With an innate sense for spatial organization Ellsworth incorporated a series of pathways and stone stairways to direct and ease movement through the challenging terrain of the outcrop, and through the garden spaces. He created pools by formalizing existing depressions in the granite, and built stone bridges to traverse natural waterways. Many of the paths and stairways are flanked by gateways of large, upright stones. These subtle circulation features follow natural shapes in the granite, connecting terraced garden beds and echoing their curved designs.

Beginning in the early 1960s Ellsworth began creating stone sculptures––eventually numbering about 200––planting them at pivotal points throughout the garden.  One of his most intriguing, recurrent forms was a “stacked table” arrangement, which followed a simple design formula: three slender upright stone legs support a broad, horizontal table top; in variations, one or more additional levels of legs and table tops were added, diminishing in size as they rise. In many one-of-a-kind works, Ellsworth took amorphic rock shapes, barely suggestive of objects or animals––a raven, or a Saturn globe, for instance––and balanced them on larger stone masses. Or, conversely, he took larger boulders suggestive of figures or animals—a goddess, a deer—and added smaller rock shapes to complete the image. Ellsworth diverged into a more literal, rustic northwoods vocabulary with three commanding elements: two wood teepees (one enclosed with painted canvas), and a large upright stone with an applied, painted arrowhead shape, all installed at the top of the outcrop.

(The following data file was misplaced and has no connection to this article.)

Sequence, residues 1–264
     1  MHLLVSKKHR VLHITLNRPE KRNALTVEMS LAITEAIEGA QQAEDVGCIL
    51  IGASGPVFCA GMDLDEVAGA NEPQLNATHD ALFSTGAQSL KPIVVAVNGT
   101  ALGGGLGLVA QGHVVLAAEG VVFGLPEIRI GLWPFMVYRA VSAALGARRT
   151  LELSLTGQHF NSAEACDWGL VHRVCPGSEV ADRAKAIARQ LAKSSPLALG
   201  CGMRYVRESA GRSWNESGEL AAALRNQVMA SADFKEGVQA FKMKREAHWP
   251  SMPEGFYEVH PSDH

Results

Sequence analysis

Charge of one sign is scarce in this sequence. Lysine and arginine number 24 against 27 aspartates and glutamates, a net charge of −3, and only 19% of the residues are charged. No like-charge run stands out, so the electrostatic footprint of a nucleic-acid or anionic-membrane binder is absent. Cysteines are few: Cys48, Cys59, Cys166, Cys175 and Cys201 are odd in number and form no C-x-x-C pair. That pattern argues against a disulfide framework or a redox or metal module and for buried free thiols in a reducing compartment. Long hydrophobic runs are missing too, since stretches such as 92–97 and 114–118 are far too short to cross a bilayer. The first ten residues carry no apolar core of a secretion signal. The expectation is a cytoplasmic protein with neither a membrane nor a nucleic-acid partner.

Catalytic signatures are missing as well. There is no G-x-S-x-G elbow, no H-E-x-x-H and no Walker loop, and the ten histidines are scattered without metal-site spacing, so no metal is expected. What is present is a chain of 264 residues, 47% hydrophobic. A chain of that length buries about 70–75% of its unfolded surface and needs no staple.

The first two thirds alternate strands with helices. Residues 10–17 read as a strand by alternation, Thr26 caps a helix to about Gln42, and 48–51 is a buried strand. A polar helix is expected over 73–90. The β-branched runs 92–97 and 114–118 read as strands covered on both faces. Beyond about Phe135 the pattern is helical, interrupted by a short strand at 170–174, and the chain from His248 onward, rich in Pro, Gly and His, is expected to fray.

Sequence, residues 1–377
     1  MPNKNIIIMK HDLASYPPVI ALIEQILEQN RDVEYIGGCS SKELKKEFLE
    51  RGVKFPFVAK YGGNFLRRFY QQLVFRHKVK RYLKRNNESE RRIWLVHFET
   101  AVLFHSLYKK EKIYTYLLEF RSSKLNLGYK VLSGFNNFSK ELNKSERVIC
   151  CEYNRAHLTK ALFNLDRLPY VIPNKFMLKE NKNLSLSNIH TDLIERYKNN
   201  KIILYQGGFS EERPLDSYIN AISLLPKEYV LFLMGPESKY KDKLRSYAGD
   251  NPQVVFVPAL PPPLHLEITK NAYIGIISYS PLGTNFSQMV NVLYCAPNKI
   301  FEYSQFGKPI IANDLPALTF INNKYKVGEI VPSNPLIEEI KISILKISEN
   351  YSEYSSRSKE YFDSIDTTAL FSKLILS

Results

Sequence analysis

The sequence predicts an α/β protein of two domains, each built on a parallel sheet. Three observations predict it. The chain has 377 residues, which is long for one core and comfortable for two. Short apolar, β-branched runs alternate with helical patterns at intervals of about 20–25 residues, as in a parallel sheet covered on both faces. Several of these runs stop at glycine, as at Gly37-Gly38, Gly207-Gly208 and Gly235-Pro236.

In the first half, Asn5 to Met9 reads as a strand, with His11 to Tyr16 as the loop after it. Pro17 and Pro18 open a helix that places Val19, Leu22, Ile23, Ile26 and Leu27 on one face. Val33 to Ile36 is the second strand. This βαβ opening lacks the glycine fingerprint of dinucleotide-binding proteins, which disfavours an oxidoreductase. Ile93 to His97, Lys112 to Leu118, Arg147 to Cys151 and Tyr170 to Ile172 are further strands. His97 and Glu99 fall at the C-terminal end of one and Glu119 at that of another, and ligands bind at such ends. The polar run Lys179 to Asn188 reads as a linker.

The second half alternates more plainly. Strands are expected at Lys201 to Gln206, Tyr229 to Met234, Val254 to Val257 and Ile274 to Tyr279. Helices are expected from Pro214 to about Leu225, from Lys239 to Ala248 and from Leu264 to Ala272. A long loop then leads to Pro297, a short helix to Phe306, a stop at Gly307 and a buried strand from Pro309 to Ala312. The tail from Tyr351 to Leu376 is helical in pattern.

Jack Ellsworth claimed to have spent over 14,000 hours working on the garden, and by virtue of this calculation he was clearly aware of the scope of his labor alone.  In a rare recorded quote he discussed the project with understated humility:   “…we love this country and wish to spend more time here, but I just had to have something to keep me busy.”  In 1966 Ellsworth became ill,and that year the Ellsworths stopped spending summers at their Lake Kabetogama property. Jack Ellsworth died in 1974.  The National Park Service (NPS) created Voyageurs National Park (VNP) in 1975, and acquired the Ellsworth property in 1978. Lacking Ellsworth’s Herculean maintenance efforts, the gardens became increasingly overgrown, and sculptural elements became more prominent as the gardens beds ceased to bloom. The site, however, continued to draw visitors, as its features took on the compelling aspect of a respectable ruin.

In the 1990s efforts to preserve the site according to contemporary historic preservation theory and practice began. By 1996, extensive research and organization of vintage documentation led to the creation of a site survey, inventory, and a preservation plan. Working from these, the VNP cultural Resource Specialist organized work sessions and in 2001 volunteers gathered to assist in clean up and conservation. Annual work sessions and site preservation are ongoing.

~Lisa Stone

 



SPACES Archives Holdings

1 folder: clippings, correspondence, Preservation treatment plan (1998)

Map and site information

Not Exact Address
International Falls, Minnesota, United States
Latitude/Longitude: 48.602315 / -93.404068

Visiting Information

Note: the Gardens are not in or near the International Falls; it’s in Voyageurs National Park which is huge and has several entry points. The VNP office is in International Falls.